Five Best Kept Secrets of Sydney’s Chinatown

Strolling in Sydney’s Chinatown can be an intriguing experience no matter for tourists or people live in Sydney. Put traditional Chinese architectures which may stimulate foreigners’ curiosity aside, Chinese cuisine and specialty gift stores should be the common interests that bring people to this rewarding place.

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A glance at Chinatown

Historically, the large-scale migration leads to the increasingly development of Chinatowns in Australia. Nowadays, ‘the rapid pace of globalization in the past few decades has brought significant changes over Chinatown, and it has become a ‘gateway’ for intensified transnational flows of people, investments, goods and services between Australia and Asia’ (Ang, 2012). Sydney’s Chinatown was initially located in the Rocks in the late 19th century. It did not establish its current location until the 1920s, namely Dixon Street, close to Central Station and Darling Harbour, which is Australia’s largest Chinatown. There are two apparent traditional Chinese ‘Paifang’ at each end of the narrow pedestrian street, which separate this traditional street with metropolitan bustling streets. As a heritage that mixed diverse ethnic groups and past and contemporary Chinese cultures, there is a lot to enjoy. And besides, Chinese food like steamed meat filled buns, pan fried pork buns, fried dumplings and Sichuan hotpot are quite welcome.

Aim and interviews

In this feature article, I am going to shed light on what these ‘five secrets’ are by identifying Emperor’s Garden Restaurant, Emperor’s Cream Puffs, Meet Fresh, New Chilli House and the night market, what make them mysterious and attractive and how they help to make Chinatown an attractive place to go.

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Initially, I intend to interview the owners of the above restaurants and stores, focus on the following questions

  • the brief history of the restaurants and list some special dishes
  • the receptions of these food, which respectively attracts Chinese and Aussie most
  • in their perspective, what makes them popular
  • whether they attempt to make some adjusting that the flavor more cater to Aussie’s taste
  • What is the difference between them operate the catering industry in China and in Sydney

In terms of consumers and visitors, I will ask questions as follow

  • what food do you like best and why
  • what do you think that can represent Chinese cuisine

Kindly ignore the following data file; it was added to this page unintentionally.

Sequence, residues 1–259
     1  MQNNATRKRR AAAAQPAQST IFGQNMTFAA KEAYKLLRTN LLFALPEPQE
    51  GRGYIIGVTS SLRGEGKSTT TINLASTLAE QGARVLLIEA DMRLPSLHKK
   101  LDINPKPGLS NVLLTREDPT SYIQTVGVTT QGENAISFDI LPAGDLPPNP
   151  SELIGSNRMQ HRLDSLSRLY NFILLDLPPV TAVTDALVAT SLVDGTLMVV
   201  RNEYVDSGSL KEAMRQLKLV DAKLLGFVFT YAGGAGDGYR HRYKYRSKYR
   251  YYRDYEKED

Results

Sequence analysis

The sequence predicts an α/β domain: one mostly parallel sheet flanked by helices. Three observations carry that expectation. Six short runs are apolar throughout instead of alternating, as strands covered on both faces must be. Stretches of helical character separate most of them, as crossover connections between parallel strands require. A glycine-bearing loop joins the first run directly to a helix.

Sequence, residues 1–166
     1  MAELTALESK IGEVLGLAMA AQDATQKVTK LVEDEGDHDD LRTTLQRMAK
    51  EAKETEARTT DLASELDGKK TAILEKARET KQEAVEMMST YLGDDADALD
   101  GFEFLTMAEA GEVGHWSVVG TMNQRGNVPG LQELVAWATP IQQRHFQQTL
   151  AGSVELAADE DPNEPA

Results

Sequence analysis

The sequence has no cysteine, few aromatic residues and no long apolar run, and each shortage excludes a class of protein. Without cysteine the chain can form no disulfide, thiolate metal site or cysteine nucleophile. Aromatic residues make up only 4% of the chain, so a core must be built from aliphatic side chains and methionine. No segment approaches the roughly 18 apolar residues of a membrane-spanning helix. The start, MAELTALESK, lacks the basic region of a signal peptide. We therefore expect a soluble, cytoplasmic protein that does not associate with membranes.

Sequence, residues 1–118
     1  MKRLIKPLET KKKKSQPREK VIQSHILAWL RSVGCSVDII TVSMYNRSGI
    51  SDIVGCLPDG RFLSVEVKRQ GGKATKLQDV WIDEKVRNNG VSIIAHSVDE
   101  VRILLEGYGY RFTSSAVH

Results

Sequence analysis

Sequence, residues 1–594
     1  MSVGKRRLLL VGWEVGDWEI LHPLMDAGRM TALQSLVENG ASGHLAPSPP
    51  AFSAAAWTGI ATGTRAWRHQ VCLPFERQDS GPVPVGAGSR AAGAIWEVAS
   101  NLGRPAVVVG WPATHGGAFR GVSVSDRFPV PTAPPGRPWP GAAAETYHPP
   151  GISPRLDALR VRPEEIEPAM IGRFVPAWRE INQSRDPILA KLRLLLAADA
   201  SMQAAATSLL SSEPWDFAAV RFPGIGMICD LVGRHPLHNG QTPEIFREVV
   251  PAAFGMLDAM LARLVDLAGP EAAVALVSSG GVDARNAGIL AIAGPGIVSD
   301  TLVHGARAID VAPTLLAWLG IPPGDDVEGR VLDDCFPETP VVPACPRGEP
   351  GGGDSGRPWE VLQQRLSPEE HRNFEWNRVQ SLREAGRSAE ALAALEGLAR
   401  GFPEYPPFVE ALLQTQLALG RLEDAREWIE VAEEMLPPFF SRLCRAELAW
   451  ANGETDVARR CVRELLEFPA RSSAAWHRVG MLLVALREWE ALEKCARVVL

• what factors do you think that stimulate you to go there

In terms of the night market in Sydney’s Chinatown, questions can be asked like, do Sydney has such markets? And what is the difference?  I will also ask the store owners which attract people most.

I will connect answers of above questions with official websites that introducing Sydney Chinatown to conclude the features and representatives of Chinatown, and the deep reasons that make it welcome.

Suggested online publications and user group

As this feature article provides information on food, entertainment, lifestyle and way for understanding Chinatown, which focuses on something relaxing and entertaining, therefore, I would suggest it can be published to  the ‘Lifestyle’ column of The Sydney Morning Herald and The Australian. Besides, broadsheet.com.au should also be a good choice, as it particularly focuses on food and entertainment. Such feature articles may appeal to people who are interested in Chinese cuisine and would like to know more about Chinatown. Also, it may raise considerations on transcultural phenomenon.

 

(Yan Xu, SID: 460132848, Word count:523)

Reference

http://www.uws.edu.au/ics/research/projects/sydneys_chinatown_in_the_asian_century

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One thought on “Five Best Kept Secrets of Sydney’s Chinatown

  1. Dear Emily, I like the content of your story coz I like to visit different Chinatowns in different countries. And I am enthusiastic about the unique features and interesting stores in different Chinatowns worldwide. In addition, I am a food aficionado.

    The structure of your proposal is clear. In A Glance of Chinatown section, you briefly introduced the history of Chinatown in Sydney, which depicts a vivid picture for readers. Then in the Aim and Interviews section, you have listed your aim that you are “going to shed light on… an attractive place to go.” In my opinion, in order to express your aim clearly, you could write like “you are going to identity the features of theses five unique stores and dig out the reason why these stores are mysterious and attractive and how they would contribute to making Chinatown an attractive place to go.” I have noticed that you intend to interview the owners of the stores as well as some visitors, which is good. You could gain some valuable and first-hand information from them. And the questions you listed are coherent and newsworthy.

    In terms of online delivery, the using of hyperlinks and tags are helpful. And I like the vivid pictures you choose, which would attract readers attention and tempt them to visit Chinatown one day to experience these “mysteries” in person.

    It is a good proposal on the whole. I look forward to your feature article and I would repost your feature article to some foreign friends who love Chinese culture when you finish it.

    Like

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